One of our vets has TBI and can’t keep up with his mail, etc. So he was stunned to see garnishment come out of his monthly VA disability amount, as he hadn’t realized his ex-wife applied for apportionment. He did remember the VA calling him and asking him a bunch of confusing questions. In their decision letter, the VA stated that the veteran had AGREED to apportionment during that call, which the veteran contends that he absolutely did NOT agree to. Due to TBI, he is easily confused. Regardless, he has missed the deadline to appeal.
My 1st question is: Under the new appeals program, do we submit a 526EZ for re-open… or a Supplemental lane appeal, with a motion for review due to CUE along with financial hardship evidence? Or just send both apps with his claim at same time, just in case?
My 2nd question is: The vet was rated permanent, total disabled and given a medical out with 30% at time of retirement. He is service-connected for TBI and a host of other combat injuries. Isn’t there some provision in the law that keeps his disability compensation totally off limits? Like, perhaps he waived retired pay in lieu of receiving disability benefits… we can always withdraw that waiver? He receives them both anyhow, now that he’s 100% rated. Thanks!
This gets very complex pretty quickly. Your answer is in the M21-1III_v_3_Sec A Part 3. Deciding an Apportionment Claim Sub k...Handling NODs and Evidence VA Receives After the Appeal Period Ends here.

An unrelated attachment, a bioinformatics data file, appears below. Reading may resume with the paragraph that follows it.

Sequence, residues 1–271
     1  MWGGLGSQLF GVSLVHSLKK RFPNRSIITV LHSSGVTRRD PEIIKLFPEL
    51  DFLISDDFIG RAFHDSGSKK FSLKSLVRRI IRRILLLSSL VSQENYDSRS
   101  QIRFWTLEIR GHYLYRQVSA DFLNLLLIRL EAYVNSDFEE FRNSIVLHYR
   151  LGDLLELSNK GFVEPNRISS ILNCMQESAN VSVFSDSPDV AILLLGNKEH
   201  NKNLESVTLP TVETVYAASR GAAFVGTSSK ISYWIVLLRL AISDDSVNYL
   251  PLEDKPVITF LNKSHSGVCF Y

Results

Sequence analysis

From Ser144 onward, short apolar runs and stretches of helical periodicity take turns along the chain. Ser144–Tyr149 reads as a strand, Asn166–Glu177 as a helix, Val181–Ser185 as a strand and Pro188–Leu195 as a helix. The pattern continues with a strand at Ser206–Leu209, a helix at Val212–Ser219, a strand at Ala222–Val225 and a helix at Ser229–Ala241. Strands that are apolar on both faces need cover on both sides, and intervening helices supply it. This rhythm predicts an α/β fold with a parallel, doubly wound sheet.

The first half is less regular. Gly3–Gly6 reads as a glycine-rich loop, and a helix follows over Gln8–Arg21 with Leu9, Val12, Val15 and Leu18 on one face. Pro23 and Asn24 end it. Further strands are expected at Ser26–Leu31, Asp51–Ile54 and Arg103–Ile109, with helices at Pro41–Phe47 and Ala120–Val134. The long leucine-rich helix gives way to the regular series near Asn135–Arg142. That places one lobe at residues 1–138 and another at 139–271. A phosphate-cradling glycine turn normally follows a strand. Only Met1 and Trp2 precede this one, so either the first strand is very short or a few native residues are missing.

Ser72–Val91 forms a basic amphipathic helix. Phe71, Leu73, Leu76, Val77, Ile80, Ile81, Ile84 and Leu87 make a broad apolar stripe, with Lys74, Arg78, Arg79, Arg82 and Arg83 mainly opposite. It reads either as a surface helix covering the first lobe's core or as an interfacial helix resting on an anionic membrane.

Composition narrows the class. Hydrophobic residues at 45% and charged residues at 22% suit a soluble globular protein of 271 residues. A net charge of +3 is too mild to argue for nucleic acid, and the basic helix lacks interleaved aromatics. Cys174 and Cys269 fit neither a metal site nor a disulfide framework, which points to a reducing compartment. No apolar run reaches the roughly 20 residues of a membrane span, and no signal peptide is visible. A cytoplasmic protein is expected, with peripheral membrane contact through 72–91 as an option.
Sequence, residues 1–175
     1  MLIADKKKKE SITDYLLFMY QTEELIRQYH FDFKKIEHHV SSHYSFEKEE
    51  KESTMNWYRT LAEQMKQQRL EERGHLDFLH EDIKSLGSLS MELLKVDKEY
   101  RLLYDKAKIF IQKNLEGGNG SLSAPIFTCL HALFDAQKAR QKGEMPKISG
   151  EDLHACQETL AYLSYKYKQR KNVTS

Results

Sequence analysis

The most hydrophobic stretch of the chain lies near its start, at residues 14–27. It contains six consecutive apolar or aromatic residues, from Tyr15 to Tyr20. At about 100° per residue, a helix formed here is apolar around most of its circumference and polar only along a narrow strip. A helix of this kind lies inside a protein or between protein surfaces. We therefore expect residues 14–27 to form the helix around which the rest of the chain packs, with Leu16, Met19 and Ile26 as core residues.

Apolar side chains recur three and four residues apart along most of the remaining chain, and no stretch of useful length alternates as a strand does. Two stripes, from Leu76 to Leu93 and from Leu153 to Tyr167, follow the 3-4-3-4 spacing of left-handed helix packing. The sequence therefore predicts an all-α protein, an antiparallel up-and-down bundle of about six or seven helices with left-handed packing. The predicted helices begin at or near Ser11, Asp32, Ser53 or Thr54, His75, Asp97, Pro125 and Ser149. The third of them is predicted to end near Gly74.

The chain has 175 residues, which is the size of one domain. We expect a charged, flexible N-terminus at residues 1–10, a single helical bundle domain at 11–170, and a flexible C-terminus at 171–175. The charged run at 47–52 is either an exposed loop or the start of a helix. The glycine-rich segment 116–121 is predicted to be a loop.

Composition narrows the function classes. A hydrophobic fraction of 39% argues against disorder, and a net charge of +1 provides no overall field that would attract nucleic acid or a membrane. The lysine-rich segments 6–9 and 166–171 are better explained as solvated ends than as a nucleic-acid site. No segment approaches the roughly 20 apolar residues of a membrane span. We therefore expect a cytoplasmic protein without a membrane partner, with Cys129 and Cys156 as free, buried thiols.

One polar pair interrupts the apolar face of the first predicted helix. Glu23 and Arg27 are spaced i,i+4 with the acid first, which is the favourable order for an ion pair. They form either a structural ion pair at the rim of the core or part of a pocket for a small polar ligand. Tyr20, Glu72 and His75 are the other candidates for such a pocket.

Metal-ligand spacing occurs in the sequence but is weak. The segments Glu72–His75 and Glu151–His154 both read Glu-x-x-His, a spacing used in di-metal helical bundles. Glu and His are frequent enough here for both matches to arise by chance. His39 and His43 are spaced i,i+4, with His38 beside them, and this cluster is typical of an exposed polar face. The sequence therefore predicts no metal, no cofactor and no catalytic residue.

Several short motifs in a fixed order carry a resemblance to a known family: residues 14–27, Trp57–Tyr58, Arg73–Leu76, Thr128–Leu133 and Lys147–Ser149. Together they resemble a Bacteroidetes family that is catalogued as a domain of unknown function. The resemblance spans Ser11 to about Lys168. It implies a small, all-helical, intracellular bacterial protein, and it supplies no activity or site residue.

These are not typical appeals, the appeal doesn't follow the usual process and it's a pretty sure thing that any appeal will be a steep uphill climb now that the apportionment decision has been made. If your veteran has not been declared incompetent, we must assume that he is able to manage his own activities of daily living, including phone conversations and transactions with the VA as well as managing his finances. I'm not sure I see any CUE claim that can be brought into play? I'd be very careful about trying to raise CUE unless you're experienced with such claims...CUE is steeped in legal theory. A word of caution...any time an advocate begins to cite the inability of the client to manage activities of daily living (like dealing with phone calls and finances), we may cause VA to seek a declaration of incompetence that requires that an independent fiduciary be appointed by VA to manage the veterans finances. When a former spouse files for an apportionment of the VA disability money the VA always has an obligation to protect the veteran first. In my own experience VA goes above and beyond to protect the veteran and only the most egregious instances of child support negligence are actually adjudicated to be apportioned. While there are limits to what a creditor is able to do when the veteran owes money for a debt, the law has long held that the veterans family is not a creditor and child support is not a debt. VA disability payments are made so that the veteran may more normally support himself and his family in spite of the service connected disabling conditions. Divorce doesn't sever the family connection between a veteran and his obligation to his children and if the court says he owes the money, he does until the court changes the order. Before you take any action, you should study the M21 I linked for you and follow those details carefully.